Fridays are when I get out and about in my ward. Sometimes you can find me at the foodbank in Craven Vale or whizzing around on the bus meeting people in their homes or in cafés to hear about their ideas to improve their local area or listening to problems that need fixing.
I often do estate visits. These are when I go around one of the local estates in East Brighton with residents, who let me know what issues they are facing, be that anything from a broken lift to weeds growing in the gutter, and I’ll take these issues back to council officers and get them sorted.
Last week I did one of my estate visits around Craven Vale. The issues that have come up in the past that we’ve sorted include unblocking drains, mending broken downpipes and resolving damp, clearing fly-tipping, repairing fencing and repointing brickwork.
Residents supported tidy up days and word went round that things are getting done.
Now residents are telling me they feel more proud of their patch and are creating colourful mini gardens around the edges of each block.
Alan, the secretary of the community association, told me that more people are getting involved and taking on responsibility for different projects.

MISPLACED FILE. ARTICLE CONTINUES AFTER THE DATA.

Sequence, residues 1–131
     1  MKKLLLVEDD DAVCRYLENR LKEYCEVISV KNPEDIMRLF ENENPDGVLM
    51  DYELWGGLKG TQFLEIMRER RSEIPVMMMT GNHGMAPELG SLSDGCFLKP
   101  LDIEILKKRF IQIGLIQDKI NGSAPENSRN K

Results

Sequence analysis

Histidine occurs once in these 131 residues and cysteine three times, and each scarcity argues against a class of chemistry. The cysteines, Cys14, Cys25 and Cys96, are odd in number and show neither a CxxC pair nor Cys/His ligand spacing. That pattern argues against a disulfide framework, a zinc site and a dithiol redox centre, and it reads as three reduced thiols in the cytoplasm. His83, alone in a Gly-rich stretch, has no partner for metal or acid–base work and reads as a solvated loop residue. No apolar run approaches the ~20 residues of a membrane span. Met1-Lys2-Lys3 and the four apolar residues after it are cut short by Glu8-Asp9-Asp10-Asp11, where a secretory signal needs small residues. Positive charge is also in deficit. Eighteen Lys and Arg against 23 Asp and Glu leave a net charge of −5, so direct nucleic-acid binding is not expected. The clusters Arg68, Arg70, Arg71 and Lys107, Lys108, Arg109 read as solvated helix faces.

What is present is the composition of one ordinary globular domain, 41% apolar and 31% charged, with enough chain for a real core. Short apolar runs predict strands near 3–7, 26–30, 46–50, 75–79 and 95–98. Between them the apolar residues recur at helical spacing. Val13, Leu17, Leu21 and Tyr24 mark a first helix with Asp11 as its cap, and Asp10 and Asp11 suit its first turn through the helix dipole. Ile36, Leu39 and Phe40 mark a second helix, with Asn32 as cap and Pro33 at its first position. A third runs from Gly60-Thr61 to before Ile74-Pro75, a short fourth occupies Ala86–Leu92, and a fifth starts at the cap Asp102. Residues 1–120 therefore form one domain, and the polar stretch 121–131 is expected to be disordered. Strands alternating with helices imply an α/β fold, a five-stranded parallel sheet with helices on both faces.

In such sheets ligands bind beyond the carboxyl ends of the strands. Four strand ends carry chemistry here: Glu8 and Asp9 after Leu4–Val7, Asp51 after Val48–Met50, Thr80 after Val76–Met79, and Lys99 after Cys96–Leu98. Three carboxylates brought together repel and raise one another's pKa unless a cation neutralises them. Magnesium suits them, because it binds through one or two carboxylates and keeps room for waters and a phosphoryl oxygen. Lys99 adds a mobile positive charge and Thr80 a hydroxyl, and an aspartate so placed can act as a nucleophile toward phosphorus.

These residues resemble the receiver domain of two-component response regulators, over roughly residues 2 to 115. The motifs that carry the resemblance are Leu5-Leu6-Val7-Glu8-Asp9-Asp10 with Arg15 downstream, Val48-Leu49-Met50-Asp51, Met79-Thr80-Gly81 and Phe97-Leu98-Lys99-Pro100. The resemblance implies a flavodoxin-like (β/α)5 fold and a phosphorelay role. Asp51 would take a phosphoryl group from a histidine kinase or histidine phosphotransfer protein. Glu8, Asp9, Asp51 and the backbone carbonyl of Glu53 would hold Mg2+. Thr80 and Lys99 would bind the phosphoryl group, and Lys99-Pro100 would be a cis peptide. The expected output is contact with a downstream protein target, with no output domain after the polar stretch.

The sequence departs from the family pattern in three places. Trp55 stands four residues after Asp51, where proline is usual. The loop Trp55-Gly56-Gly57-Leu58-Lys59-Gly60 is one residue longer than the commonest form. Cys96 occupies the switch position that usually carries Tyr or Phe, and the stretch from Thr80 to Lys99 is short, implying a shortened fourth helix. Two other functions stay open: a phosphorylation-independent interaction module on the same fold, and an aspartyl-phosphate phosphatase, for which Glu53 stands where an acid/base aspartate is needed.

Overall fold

This includes wildflower meadows, bee keeping and creating a community workshop.
All these activities create lively, thriving communities, where people look out for one another and are proud of their neighbourhood.
I think it’s really important that everyone is able to take pride in where they live. That’s why I’m really keen for residents to let their ward councillors know about any issues they are facing so we can get them sorted as soon as possible.
Likewise, I think we should all, as residents of Brighton and Hove, do our best to look after our streets and be considerate neighbours.
We want to be proud of how our streets look and of our area, and we want people who visit our city to be impressed with what they see.
That’s why my administration is currently running a public consultation on the graffiti that we unfortunately find across our city.
As things stand, the council only has the power to remove graffiti from council-owned buildings.
What we’re asking residents is – should private business and property owners be doing more to remove graffiti from privately owned land, and should we as a council be doing more to encourage this, or should we charge private property owners for us to provide them with the service of graffiti removal?
I’m really keen to hear your views on this. To find the consultation online, click here.
Councillor Nancy Platts is the Labour leader of Brighton and Hove City Council.